I was very grateful for the opportunity to talk at TEDxReading 2017 on the topic of social media filter bubbles and their effect on how we form our opinions. It was a fantastic day with some fascinating speakers. Unfortunately, the AV company tasked with recording the day somehow managed to ruin the audio recording, so I’m unable to post the video recording. However, I thought I’d post the transcript of the speech and a few pictures from the day.
2015 marked the year that most people received their news from Facebook rather than Google. This seemingly innocuous shift in how we get our information signals the first time content has been pushed to us; rather than pulled – by that, I mean we have become reliant on our friends, our family and our social networks’ algorithms to choose what content to show us and when; rather than our previous proactive attempts at seeking out information and news on a particular event or topic.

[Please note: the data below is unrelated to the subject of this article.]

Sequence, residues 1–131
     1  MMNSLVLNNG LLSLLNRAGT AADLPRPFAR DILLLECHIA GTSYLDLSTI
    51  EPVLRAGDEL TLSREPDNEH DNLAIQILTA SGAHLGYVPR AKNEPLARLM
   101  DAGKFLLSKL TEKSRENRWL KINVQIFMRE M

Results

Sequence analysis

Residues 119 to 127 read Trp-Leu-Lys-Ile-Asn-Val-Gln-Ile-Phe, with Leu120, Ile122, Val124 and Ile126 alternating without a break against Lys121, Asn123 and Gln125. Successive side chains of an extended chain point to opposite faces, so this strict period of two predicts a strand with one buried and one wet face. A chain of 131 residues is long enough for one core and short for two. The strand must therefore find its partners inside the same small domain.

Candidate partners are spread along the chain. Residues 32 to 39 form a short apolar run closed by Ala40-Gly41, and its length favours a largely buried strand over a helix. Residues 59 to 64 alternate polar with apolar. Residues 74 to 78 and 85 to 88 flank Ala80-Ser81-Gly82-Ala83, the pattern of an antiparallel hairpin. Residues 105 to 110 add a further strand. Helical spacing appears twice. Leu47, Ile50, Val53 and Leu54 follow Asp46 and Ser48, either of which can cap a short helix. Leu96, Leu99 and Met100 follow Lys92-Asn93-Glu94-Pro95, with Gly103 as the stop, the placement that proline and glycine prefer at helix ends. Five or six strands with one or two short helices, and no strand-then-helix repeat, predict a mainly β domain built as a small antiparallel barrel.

It is also no coincidence that the political landscape since 2015 has seen some tremendous upheaval – Brexit, Donald Trump and even the recent General Election – and it is more important than ever that we must be aware of the technology that sits behind this shift in how we consume our information, as well as the ramifications it has on how we form opinions and act more broadly as citizens and society as a whole. Continue reading “TEDTalk: How the ‘Like’ Button is Shaping your Opinions”